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news Law School Robert Aronson’s Legacy at UW Law Just as Perry Mason was a master of uncovering evidence, Professor Robert Aronson was a master of teaching evidence. Instead of simply giving lectures, Aronson used examples of law from popular culture like Perry Mason. To encourage creative thinking, he gave students the opportunity to earn extra credit through music, poetry or art projects. He also had his students complete weekly exercises so he could provide them constant feedback, which he found helped students understand the subject. “As a teacher myself, I appreciated Professor Aronson’s educational approach,” said Jeanine B. Lutzenhiser ’13. “We had multiple opportunities to apply and practice what we were learning, with feedback from him. The way he conducted class minimized law school stress and maximized our learning. He used a real case as our class materials, which was extremely compelling. And To bring a statement Not by the declarant Who’s testifyin’ at your trial today? You gotta beat the rule against hearsay… If you’re in doubt Just ask Prof. A— He wrote the book on hearsay! he encouraged creative thinking, in everything “Professor Aronson is the high water mark by from our memos to optional extra credit. He is which all professors will be judged —for his one-of-a-kind, and I’m so grateful to have had him teaching, his contributions to the law school as an instructor.” and his commitment to developing an entire Lutzenhiser was one of the five students whose debut music video as “The Blackletter Street Boys generation of lawyers,” says Samuel Shaddox ’13, who was also in Professor Aronson’s final class. and Girls” premiered during Professor Aronson’s After 37 years at the University of Washington, final evidence class. The group (2Ls Kerra Melvin, Emeritus Professor of Law Robert Aronson retired Jeanine Lutzenhiser, Trisna Tanus, Patrick in December 2011. Aronson’s teaching and Keefe, and Aaron Orheim) belted out their own research interests include evidence, sports law, lyrics on the rule against hearsay to the tune of law and literature, professional responsibility and I Want It That Way by the Backstreet Boys. 2 Professor Robert Aronson (1975); With Dean Testy (2011)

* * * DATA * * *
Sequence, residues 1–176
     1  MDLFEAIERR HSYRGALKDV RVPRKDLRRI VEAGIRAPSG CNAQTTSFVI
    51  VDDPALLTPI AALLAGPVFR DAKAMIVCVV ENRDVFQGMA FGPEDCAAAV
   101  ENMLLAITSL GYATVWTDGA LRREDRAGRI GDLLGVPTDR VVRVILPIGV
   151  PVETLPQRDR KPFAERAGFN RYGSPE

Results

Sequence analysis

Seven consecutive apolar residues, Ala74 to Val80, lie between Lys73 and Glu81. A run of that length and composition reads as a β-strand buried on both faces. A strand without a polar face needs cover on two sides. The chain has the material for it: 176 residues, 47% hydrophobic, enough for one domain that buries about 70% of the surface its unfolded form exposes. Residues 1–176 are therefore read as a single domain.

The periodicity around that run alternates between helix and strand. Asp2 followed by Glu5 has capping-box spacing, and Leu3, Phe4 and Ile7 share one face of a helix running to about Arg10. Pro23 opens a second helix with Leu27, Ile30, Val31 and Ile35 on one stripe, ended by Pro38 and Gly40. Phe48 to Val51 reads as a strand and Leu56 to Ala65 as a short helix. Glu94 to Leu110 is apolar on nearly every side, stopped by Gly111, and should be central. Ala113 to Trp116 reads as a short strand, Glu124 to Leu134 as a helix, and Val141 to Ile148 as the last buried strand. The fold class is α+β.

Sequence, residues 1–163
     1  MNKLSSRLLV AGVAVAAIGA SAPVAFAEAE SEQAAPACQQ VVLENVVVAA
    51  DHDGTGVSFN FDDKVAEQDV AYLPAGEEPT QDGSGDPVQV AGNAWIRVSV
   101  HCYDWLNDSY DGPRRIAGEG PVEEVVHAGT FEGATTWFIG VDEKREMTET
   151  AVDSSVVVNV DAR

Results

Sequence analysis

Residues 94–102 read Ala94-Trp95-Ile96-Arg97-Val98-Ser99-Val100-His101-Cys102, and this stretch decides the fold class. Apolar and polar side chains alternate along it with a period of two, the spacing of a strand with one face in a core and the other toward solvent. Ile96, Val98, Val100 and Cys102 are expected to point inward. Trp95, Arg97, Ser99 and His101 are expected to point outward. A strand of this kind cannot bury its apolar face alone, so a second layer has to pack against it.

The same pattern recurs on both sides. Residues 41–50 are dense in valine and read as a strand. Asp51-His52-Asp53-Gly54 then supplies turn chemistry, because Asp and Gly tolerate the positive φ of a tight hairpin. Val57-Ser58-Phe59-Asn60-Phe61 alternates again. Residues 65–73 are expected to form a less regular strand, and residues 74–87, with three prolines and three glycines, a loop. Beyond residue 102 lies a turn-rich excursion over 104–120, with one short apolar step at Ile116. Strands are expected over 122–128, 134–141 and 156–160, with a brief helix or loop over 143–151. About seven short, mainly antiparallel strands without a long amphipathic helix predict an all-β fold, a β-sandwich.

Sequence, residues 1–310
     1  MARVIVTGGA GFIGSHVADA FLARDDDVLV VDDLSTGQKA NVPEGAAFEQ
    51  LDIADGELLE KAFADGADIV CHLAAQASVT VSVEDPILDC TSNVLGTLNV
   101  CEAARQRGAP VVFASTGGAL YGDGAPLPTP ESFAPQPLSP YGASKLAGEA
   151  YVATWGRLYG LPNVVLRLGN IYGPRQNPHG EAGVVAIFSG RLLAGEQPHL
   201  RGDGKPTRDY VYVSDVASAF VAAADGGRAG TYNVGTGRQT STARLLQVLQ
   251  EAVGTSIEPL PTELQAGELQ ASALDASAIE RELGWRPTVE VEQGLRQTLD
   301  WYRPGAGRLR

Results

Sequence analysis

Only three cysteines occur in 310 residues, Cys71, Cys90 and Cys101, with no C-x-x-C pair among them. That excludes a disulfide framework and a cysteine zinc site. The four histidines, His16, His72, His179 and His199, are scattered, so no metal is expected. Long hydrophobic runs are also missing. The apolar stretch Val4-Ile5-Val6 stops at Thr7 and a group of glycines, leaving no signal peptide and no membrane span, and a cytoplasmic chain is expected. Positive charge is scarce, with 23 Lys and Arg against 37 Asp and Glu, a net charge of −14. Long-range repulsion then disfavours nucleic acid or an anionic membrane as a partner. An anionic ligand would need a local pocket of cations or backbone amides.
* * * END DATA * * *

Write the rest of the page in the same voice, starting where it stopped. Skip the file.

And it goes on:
Spring 2012 UW Law alumni magazine

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